Saturday, July 19, 2014

Why it matters that we experience breastfeeding

breastfeedingcafecarnivalWelcome to The Breastfeeding Cafe Carnival!

This post was written as part of the Breastfeeding Cafe's Carnival. For more info on the Breastfeeding Cafe, go to For more info on the Carnival or if you want to participate, contact Claire at clindstrom2 {at} gmail {dot} com. Today's post is about your breastfeeding (when you were a baby!) story. Please read the other blogs in today's carnival listed below and check back for more posts July 18-31!

Why it matters that we experience breastfeeding == Hobo MamaMy mother breastfed all three of us — two brothers and me — when we were babies. I obviously don't recall the experience of being breastfed myself or seeing it with my older brother, but I was nine when my younger brother was born and was fascinated by the act of breastfeeding, as discreet as my mom was about it. For awhile after my brother was born, I used to pretend to breastfeed my dolls — in secret, because I wasn't sure it wasn't just a little weird or dirty for me to do so at that age — in imitation.

My mom's also told me stories of breastfeeding my older brother and me. For instance, my older brother stopped within weeks, self-weaning as she maintains; with my current knowledge of breastfeeding behavior, I'd be more inclined to call it a nursing strike, but I see no reason to change her perception of the past at this distant point. She's described trying to nurse me in a bridesmaid's dress (in private) at an uncle's wedding, and missing out on a family party nursing me in a back bedroom, feeling isolated from all the fun.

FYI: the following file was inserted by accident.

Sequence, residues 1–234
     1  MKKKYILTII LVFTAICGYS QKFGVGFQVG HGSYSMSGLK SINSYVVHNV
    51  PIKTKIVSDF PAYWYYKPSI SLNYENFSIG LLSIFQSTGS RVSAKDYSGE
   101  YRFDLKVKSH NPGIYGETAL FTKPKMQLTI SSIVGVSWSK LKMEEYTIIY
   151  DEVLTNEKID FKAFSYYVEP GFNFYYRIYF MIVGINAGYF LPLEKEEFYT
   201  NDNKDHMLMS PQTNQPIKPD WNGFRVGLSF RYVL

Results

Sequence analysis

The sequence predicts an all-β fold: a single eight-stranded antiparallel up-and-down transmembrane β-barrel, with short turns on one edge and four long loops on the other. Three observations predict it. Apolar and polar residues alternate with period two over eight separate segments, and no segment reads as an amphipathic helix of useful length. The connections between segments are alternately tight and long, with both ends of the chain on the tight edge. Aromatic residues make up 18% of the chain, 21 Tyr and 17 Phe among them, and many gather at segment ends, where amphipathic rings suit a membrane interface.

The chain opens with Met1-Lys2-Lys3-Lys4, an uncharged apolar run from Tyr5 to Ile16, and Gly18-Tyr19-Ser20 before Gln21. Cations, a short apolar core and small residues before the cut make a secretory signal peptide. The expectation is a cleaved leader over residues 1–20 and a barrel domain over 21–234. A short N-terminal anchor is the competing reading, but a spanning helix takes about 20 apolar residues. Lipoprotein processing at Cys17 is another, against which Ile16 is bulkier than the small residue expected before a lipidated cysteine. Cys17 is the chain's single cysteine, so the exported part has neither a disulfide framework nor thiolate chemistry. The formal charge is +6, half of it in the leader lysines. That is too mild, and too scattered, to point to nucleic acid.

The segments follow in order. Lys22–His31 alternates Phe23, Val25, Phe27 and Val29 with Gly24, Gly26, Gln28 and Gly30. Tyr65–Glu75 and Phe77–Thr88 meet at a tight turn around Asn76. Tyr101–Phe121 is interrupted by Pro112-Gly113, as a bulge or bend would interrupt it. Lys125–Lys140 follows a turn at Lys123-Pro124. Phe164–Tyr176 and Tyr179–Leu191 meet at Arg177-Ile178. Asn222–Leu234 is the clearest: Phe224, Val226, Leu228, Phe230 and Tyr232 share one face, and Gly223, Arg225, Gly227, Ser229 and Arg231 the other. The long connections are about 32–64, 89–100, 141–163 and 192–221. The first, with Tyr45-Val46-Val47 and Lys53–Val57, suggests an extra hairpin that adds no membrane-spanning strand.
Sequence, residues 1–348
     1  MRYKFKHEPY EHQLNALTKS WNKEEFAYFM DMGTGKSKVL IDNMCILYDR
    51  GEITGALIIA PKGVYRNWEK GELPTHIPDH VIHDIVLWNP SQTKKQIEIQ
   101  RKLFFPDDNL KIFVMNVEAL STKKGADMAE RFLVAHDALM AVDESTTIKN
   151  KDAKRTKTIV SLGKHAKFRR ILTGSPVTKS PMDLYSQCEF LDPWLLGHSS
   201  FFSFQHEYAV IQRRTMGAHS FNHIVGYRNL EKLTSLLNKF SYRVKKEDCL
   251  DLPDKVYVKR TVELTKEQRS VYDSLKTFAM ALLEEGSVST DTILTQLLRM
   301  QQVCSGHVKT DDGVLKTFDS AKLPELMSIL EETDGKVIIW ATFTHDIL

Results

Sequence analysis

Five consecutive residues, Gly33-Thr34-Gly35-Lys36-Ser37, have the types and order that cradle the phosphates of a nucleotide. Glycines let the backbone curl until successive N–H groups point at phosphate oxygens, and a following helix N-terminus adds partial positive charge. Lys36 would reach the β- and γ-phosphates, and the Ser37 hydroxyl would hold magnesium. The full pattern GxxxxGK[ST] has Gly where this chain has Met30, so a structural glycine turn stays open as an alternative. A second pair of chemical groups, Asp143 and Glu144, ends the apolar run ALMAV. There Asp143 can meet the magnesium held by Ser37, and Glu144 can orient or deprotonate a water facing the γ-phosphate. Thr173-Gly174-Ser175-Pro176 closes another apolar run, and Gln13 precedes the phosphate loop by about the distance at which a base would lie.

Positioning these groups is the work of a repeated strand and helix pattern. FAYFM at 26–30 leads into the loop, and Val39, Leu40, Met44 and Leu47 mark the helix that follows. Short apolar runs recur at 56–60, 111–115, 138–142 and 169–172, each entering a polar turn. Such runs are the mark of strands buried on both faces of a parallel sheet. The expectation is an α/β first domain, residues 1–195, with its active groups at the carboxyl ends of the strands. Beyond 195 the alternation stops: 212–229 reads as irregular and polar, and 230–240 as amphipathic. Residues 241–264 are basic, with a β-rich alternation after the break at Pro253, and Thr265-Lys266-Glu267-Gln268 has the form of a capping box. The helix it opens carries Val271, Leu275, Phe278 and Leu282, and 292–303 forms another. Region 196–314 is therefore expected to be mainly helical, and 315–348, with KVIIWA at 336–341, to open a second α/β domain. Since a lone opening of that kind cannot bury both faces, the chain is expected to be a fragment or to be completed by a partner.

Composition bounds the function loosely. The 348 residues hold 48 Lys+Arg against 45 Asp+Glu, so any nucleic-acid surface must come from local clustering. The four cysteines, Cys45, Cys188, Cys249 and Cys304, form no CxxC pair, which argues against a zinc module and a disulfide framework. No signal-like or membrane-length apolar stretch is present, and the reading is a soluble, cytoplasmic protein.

From seeing her breastfeeding behavior with my little brother, I suspect she supplemented my older brother and me with bottles of formula the same way she did with him, and I know she weaned me by about nine months. But I feel really grateful and impressed that she breastfed us at all and for as long as she did.

When my older brother was born in the early 1970s, U.S. rates for initiation of breastfeeding (any breastfeeding, not exclusive) were at about 28 percent; 5 percent of mothers were still breastfeeding at 6 months, and practically none at 12 months. By the time I was born, things were slightly better but still skewed toward exclusive formula use: A little over 40 percent of babies were breastfed at least a little, with about 17 percent still breastfed at 6 months, but so few made it to a year that were still no reportable data for that. For my younger brother in the mid-1980s, the rates were 58 percent initiation, 22 percent at 6 months, and still 0 at 12 months. At this point in the U.S. (with completed data from a few years back), over 75 percent of parents initiate breastfeeding, with breastfeeding at 6 months being around 40 percent and 12 months around 25 percent. That's a significant increase!

Given those numbers, I'm mightily proud of my mom for — honestly — even bothering to breastfeed us at all. Considering her story of breastfeeding in a back room, and my own witness to her discomfort nursing my younger brother in public, she obviously didn't feel culturally supported to breastfeed. I think that's one strong reason she supplemented with bottles of formula — because she could then feed my brother those in public instead of, ahem, "whipping it out."

When I wonder why my mother breastfed us, I know for sure it wasn't because she was a free-spirited hippie flower child. She grew up in the right time but not the right frame of mind, coming from (and embracing) a more conservative upbringing. My only conclusion is that her mother must have breastfed, too.

And breastfeeding in the 1940s through 1960s (when my grandmother was having her babies) was even rarer than in the decades immediately following!